Understanding movements and ecology
The Goshawk is an intriguing raptor, as a powerful but normally elusive species. Nationally, it is still a scarce breeding bird, protected under Schedule 1 of the Wildlife and Countryside Act 1982, with a population considered to be far below carrying capacity in most regions. Apart from nest protection, as a generalist raptor, prey availability is unlikely to be severely limiting at present, though survival and recruitment may be key operators. But currently very little information is available on demographic rates for Goshawks in the UK and indeed, no basic, objective information is available on how the species interacts with the countryside, where it may incur risk. In 2015, the BTO began a programme of research on Goshawks aimed at improving our understanding of the species through its movements and ecology, by assessing lowland forest and farmland dependency. This work centered on the Thetford Forest in the Brecklands of East Anglia, where the Goshawk breeding population has been monitored closely for years and where forest management is sympathetic to the protection of nest site habitat. After fledging, however, virtually no information was available on this 'forest' species' behaviour, its scale of movement or its reliance on non-forest habitats. To address the knowledge gap we began a project that would improve our understanding of the way Goshawks interacted with the lowland countryside.
We began in 2015 with a brief study of prey selection when feeding chicks. Small nest cameras were installed on three nests and used to identify delivered prey species. Items at nests were usually ‘pre-processed’ but identifiable. Of these, Grey Squirrel contributed over 60% of items, with Woodpigeons and corvids (typically nestlings or juvenile Carrion Crows or Rooks, plus adults of Jay and Magpie) being important too. Other species included Green Woodpecker, Rabbit (especially at one nest) and Red-legged Partridge. The data are summarised in Fig. 1. This prey-base is biased towards only those prey items that the birds return to the nest with but the findings suggest that, currently, Breckland Goshawks are unlikely to be limited by prey availability at this stage in the annual cycle.
Figure 1- A 2017 update of the breakdown of 129 prey items found on or by Goshawk nests in the Brecks.
Tracking studies: investigating dispersal, home range, habitat use and dependency on forest and farmland
In 2016 we began a tracking programme using the ‘Movetech’ bird-tracking system, a bird-borne method where high precision GPS positions are transmitted via the mobile phone network. The system can help identify habitat use, roosting sites, scale of movement and provide home range estimates. Tag batteries are topped up by solar-power so gaps in the data can occur during long periods of dull weather. Initially, GPS tags were fitted to five juvenile Goshawks from five different nests, under the ‘Breaking New Ground’ project, supported by the Heritage Lottery Fund. A summary of the 2016 tagging project is available via: Henderson I., Conway G. 2017. Exploring the lives of Goshawks in the Brecks: identifying patterns in nest behaviour, habitat use and movements within and beyond the Brecks. Journal of Breckland Studies, 1, 19-27.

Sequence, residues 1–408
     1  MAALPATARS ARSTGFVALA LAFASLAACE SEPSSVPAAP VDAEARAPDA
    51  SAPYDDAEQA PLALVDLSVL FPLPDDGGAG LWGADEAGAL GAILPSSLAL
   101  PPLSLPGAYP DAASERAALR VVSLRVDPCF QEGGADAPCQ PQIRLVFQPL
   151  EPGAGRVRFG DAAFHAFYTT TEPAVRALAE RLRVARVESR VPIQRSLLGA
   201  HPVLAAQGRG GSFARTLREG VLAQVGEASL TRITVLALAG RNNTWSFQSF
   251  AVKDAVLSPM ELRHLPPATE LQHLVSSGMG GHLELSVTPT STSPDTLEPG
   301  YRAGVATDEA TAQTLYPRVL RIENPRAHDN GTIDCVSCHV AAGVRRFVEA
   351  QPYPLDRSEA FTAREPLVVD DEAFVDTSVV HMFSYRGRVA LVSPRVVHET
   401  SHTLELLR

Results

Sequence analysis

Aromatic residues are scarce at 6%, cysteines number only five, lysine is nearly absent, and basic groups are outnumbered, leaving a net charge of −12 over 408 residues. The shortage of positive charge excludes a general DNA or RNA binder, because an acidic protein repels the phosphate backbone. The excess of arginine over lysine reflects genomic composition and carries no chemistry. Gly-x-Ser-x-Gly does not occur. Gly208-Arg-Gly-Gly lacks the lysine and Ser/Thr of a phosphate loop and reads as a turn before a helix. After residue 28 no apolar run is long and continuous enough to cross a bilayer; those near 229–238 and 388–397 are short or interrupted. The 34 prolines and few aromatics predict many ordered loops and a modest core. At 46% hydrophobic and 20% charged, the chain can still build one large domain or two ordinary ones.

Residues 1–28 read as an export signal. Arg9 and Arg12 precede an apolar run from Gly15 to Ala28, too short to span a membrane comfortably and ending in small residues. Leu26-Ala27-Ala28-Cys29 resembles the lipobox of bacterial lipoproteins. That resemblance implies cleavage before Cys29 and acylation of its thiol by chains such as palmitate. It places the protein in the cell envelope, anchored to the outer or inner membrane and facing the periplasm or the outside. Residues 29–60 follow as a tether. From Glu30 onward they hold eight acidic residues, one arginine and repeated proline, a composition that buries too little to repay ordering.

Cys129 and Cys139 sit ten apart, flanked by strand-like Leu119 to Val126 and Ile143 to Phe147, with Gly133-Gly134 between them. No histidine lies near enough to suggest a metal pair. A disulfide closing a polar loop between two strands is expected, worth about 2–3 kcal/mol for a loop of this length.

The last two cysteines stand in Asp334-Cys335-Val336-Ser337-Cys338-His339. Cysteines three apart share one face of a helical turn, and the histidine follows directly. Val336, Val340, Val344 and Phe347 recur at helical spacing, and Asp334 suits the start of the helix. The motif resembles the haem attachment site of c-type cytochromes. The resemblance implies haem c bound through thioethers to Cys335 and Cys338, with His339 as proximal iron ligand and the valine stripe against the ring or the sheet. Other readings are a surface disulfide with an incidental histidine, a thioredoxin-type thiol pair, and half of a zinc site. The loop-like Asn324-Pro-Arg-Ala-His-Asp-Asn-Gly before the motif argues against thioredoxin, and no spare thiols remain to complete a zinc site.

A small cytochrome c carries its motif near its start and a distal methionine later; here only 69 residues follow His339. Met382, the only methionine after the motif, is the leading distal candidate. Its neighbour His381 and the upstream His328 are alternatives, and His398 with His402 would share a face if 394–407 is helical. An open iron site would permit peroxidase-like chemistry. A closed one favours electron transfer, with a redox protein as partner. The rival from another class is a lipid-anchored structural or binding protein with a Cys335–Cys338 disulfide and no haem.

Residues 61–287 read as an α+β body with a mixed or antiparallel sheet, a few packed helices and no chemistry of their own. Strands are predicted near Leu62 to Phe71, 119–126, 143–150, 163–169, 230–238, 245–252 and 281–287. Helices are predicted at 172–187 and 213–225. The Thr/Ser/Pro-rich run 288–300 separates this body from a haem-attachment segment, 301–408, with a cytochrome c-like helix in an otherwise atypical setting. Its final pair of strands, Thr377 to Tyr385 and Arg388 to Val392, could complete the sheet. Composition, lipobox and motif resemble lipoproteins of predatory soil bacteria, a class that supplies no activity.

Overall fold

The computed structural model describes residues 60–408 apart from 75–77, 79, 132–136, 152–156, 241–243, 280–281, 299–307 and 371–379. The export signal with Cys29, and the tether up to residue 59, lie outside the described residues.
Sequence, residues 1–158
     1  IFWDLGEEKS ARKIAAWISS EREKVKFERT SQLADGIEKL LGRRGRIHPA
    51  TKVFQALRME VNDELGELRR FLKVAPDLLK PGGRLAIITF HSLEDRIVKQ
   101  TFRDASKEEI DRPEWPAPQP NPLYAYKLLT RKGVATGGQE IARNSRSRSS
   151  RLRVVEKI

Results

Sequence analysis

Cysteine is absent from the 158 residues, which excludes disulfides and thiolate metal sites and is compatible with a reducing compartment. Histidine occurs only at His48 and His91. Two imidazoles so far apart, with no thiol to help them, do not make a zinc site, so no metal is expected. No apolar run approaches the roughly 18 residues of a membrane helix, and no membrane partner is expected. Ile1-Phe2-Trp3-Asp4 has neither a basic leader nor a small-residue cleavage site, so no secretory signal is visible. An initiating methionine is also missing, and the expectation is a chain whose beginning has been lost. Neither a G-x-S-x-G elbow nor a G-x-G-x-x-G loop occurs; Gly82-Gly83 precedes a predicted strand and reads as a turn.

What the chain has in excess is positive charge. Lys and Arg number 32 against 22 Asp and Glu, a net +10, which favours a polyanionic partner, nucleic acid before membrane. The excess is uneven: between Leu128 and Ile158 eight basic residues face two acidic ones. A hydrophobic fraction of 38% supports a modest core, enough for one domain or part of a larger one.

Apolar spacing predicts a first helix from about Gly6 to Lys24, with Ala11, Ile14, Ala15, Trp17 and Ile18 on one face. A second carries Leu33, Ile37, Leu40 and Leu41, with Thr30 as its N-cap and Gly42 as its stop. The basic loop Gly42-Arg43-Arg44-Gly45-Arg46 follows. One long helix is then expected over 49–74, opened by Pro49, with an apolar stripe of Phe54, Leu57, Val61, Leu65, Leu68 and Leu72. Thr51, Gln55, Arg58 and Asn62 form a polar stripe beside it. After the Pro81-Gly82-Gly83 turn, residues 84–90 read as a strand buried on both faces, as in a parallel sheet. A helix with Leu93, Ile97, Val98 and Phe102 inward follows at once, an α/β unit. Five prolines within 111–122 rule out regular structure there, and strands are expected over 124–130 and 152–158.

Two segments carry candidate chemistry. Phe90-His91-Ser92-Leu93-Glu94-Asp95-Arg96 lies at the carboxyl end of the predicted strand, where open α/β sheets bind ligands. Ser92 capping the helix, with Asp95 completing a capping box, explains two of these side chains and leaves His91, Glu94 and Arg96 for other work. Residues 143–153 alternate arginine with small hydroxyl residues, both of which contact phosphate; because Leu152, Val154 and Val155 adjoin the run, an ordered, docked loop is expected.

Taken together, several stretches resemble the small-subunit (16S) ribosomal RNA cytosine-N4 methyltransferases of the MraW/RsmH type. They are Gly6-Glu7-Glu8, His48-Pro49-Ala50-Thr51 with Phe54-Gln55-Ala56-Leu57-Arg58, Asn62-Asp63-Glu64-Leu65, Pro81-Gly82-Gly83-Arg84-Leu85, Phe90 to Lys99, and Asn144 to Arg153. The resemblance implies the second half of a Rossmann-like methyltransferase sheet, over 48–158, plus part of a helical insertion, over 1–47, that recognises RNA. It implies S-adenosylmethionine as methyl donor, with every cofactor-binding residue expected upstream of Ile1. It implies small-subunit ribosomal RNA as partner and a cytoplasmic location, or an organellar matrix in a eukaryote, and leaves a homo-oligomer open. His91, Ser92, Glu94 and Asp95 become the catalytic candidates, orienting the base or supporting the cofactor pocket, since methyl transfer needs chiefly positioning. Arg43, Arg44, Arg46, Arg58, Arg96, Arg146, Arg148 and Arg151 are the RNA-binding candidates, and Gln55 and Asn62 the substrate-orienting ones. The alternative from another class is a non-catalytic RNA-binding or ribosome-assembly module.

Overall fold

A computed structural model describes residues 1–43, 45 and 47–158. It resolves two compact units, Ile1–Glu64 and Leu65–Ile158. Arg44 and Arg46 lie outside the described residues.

In 2017, a further five juvenile Goshawks were tagged (from four different nests) along with four juvenile Common Buzzards from three nests within the forest. Common Buzzards were able to carry identical tags to Goshawks so their contrasting styles of behaviour (furtive vs soaring) can help us interpret tag performance. Common Buzzards are also vulnerable to the same sorts of human-related mortality risk as Goshawks. Updates are provided below.
The Goshawk population in the Brecks is closely monitored by several dedicated individuals, with special thanks given to Bernard Pleasance and Simon Evans in this regard. We are also grateful the Neal Armour-Chelu and Rachel Riley at the Forestry Commission England for their interest and background support. Funding for the 2016 Goshawk tagging project was via the ‘Breaking New Ground’ Landscape Partnership Scheme in the Brecks, supported by the Heritage Lottery Fund. In 2017 we gratefully received funding via The Sound Approach.
Tracking summary, to September 2017
Four of the five Goshawks (two males and two females) are doing well. A fifth juvenile died in the nest-wood at about 30 days after fledging, from what looked like predation (eg., a fox or another Goshawk). The tag was retrieved undamaged. Overall, survival into September was good. All birds moved off the forest onto farmland or farmland-forest edge. After the initial phase of dispersal the females have tended to be less mobile than the highly active males.
Two of the four Common Buzzards are still active, mainly on farmland, occasional drifting far and wide in high pressure weather. One from, Kings Forest, is currently near Newmarket having first visited Reepham (north of Norwich), then Hadleigh (south Suffolk) and Cambridge. The other bird, from Cranwich, visited Huntingdon, then Fressingfield (Suffolk), then the Fens for many days before returning to Cranwich only recently. Two other buzzard tags have not transmitted since July, though after having left the nest itself. The birds probably have died within their natal wood (given their age) and therefore probably due to natural causes. Officially, the outcome for both individuals is unknown but searching will continue as the forest field-layer recedes.